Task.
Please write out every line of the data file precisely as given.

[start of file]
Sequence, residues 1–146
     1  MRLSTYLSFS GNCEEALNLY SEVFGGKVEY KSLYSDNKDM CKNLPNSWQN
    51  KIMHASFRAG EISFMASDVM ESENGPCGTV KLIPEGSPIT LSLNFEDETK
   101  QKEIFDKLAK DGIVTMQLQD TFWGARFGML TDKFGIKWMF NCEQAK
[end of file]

Sequence, residues 1–146
     1  MRLSTYLSFS GNCEEALNLY SEVFGGKVEY KSLYSDNKDM CKNLPNSWQN
    51  KIMHASFRAG EISFMASDVM ESENGPCGTV KLIPEGSPIT LSLNFEDETK
   101  QKEIFDKLAK DGIVTMQLQD TFWGARFGML TDKFGIKWMF NCEQAK